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Friday, December 19, 2014
"Just leave your credit card number with us and we'll let you know when the charge goes through," said the tire store guy.
"It'll be fine."
I was a touch apprehensive because first of all, I never know if I can trust a car repair garage and secondly, their computers hadn't been responsive all morning.
I had taken my car in for squeaky brakes.
Having just paid $300 for new brakes on our SUV, I was not anxious to pay for more for our second car.
So I was relieved when the technician came back and said my brakes were OK but I had "brake dust" building up and needed it all cleaned off.
I'd never heard of it but if the guy was a crook, he would've just sold me some new, expensive brakes, right?
I reluctantly agreed to have the dust dusted and have some fluids changed out. In exchange, I would get a "free" oil change and they would check my alignment.
About $200 and a couple of hours later, I was trying to pay my bill.
The machine refused to take my card.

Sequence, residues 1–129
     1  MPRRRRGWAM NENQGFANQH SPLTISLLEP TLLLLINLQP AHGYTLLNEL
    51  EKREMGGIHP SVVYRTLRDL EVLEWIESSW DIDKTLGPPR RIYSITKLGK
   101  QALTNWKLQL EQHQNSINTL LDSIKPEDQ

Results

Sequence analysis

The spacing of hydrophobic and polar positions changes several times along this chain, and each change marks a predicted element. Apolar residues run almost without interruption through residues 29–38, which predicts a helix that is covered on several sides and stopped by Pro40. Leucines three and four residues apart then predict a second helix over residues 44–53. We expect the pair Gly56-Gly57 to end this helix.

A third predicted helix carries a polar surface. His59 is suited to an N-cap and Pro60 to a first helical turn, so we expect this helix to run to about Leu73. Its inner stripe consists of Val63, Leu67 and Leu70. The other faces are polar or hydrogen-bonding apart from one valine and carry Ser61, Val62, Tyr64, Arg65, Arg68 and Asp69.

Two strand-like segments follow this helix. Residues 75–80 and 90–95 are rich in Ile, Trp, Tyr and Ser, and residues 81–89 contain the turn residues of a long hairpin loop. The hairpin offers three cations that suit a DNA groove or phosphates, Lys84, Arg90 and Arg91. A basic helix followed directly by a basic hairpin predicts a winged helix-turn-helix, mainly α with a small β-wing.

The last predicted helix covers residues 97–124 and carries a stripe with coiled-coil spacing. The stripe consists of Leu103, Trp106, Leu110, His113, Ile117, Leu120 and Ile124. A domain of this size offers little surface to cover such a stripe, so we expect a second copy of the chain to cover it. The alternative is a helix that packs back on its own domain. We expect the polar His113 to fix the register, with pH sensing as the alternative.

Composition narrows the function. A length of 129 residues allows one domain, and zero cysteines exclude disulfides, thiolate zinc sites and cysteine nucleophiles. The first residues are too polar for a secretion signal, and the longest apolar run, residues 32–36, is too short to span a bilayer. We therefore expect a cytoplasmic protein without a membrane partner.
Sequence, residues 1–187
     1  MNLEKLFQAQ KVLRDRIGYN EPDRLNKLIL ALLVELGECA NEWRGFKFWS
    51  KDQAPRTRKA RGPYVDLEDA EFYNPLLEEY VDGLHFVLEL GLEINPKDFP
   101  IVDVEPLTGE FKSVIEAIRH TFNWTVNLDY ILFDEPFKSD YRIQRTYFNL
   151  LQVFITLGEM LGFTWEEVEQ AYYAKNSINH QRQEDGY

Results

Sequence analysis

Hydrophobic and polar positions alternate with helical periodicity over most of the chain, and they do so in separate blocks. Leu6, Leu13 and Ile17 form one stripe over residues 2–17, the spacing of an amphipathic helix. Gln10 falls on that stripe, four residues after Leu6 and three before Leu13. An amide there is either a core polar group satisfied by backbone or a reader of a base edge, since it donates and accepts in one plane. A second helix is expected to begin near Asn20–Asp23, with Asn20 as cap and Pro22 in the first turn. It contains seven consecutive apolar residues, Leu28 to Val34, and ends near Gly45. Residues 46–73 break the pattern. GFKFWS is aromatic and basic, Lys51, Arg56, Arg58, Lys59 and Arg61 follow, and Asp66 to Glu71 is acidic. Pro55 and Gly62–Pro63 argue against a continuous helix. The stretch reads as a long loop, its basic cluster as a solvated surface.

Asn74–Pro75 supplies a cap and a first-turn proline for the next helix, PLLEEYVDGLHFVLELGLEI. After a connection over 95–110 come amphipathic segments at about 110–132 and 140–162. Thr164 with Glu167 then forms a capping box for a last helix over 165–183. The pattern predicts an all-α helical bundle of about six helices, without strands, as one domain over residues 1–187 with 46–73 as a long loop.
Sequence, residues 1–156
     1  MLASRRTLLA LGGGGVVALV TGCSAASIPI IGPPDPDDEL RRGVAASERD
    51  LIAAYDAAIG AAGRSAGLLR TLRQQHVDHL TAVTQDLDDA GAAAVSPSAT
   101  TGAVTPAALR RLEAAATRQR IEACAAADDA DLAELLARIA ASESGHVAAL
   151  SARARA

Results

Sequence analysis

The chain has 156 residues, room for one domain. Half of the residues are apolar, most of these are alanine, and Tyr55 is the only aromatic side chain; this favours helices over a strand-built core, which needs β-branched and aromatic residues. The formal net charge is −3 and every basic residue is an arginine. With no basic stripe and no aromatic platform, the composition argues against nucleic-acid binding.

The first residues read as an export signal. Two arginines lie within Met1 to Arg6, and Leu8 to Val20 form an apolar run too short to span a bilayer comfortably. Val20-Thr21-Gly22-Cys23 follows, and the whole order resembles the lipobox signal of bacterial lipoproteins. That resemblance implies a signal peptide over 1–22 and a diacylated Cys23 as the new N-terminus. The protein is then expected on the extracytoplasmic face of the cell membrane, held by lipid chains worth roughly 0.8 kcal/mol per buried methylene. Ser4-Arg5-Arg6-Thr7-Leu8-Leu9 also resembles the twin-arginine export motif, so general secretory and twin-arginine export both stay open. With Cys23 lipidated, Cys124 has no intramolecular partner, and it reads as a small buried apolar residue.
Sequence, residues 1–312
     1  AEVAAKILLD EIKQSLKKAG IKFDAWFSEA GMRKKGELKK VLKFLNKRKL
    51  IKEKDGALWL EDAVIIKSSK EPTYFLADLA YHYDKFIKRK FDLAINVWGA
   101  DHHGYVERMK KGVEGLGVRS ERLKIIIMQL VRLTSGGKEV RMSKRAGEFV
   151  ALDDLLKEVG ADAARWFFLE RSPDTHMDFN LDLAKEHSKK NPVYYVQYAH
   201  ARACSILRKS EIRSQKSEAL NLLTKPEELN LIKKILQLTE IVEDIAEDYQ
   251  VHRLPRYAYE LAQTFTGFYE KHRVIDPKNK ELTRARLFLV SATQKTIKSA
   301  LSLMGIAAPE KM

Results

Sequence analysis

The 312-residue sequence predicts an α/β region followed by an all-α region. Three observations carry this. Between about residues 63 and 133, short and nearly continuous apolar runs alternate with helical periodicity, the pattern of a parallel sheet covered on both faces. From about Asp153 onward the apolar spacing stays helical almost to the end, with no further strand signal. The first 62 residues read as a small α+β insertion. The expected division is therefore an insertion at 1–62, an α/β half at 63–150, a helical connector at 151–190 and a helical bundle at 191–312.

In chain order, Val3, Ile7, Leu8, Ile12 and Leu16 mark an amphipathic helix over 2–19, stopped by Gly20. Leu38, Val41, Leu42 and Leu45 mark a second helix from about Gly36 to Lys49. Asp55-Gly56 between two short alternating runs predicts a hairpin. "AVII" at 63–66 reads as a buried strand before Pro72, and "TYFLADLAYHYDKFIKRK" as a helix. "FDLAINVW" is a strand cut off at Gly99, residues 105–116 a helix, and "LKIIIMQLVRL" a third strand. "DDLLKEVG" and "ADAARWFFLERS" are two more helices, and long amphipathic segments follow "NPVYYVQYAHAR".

"Man!" said the tire guy. "The credit card machine isn't working again!" he yelled to the others in the shop.
He tinkered with the device and searched around for some help.
The machine refused to stay on long enough to run the charge even though I swiped and swiped.
Finally I offered to go home and get a check.
"Could you?" he asked hopefully.
"Could you pay with a check?"
I explained that I would have to run home since I never carry my checkbook with me anymore.
His colleague came up and said, "Just have her leave her credit card number and we'll run it when the computers come up."
I gulped. Oh. Ok. What assurance did I have that I wouldn't end up paying thousands of dollars in charges or, at the very least, the same $200 bill several times?
"We won't do anything like that," the guy promised. "Trust us."